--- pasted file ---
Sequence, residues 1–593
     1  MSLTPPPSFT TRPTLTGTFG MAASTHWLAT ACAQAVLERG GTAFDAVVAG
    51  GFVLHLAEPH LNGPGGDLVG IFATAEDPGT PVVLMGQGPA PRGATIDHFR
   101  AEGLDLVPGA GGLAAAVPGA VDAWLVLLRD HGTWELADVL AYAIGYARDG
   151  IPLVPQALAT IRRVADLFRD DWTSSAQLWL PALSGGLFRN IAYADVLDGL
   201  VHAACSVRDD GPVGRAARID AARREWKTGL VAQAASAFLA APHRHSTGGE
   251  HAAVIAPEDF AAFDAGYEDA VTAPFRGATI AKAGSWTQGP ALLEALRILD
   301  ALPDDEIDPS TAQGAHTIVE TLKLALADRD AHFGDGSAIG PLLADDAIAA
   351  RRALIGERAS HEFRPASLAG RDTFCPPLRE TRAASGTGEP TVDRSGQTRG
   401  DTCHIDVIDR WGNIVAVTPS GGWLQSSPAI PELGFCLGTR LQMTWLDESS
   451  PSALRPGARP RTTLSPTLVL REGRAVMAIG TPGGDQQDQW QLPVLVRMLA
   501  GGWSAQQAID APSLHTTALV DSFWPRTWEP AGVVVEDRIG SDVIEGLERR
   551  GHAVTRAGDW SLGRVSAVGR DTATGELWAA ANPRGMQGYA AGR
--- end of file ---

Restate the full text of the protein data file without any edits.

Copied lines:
Sequence, residues 1–593
     1  MSLTPPPSFT TRPTLTGTFG MAASTHWLAT ACAQAVLERG GTAFDAVVAG
    51  GFVLHLAEPH LNGPGGDLVG IFATAEDPGT PVVLMGQGPA PRGATIDHFR
   101  AEGLDLVPGA GGLAAAVPGA VDAWLVLLRD HGTWELADVL AYAIGYARDG
   151  IPLVPQALAT IRRVADLFRD DWTSSAQLWL PALSGGLFRN IAYADVLDGL
   201  VHAACSVRDD GPVGRAARID AARREWKTGL VAQAASAFLA APHRHSTGGE
   251  HAAVIAPEDF AAFDAGYEDA VTAPFRGATI AKAGSWTQGP ALLEALRILD
   301  ALPDDEIDPS TAQGAHTIVE TLKLALADRD AHFGDGSAIG PLLADDAIAA
   351  RRALIGERAS HEFRPASLAG RDTFCPPLRE TRAASGTGEP TVDRSGQTRG
   401  DTCHIDVIDR WGNIVAVTPS GGWLQSSPAI PELGFCLGTR LQMTWLDESS
   451  PSALRPGARP RTTLSPTLVL REGRAVMAIG TPGGDQQDQW QLPVLVRMLA
   501  GGWSAQQAID APSLHTTALV DSFWPRTWEP AGVVVEDRIG SDVIEGLERR
   551  GHAVTRAGDW SLGRVSAVGR DTATGELWAA ANPRGMQGYA AGR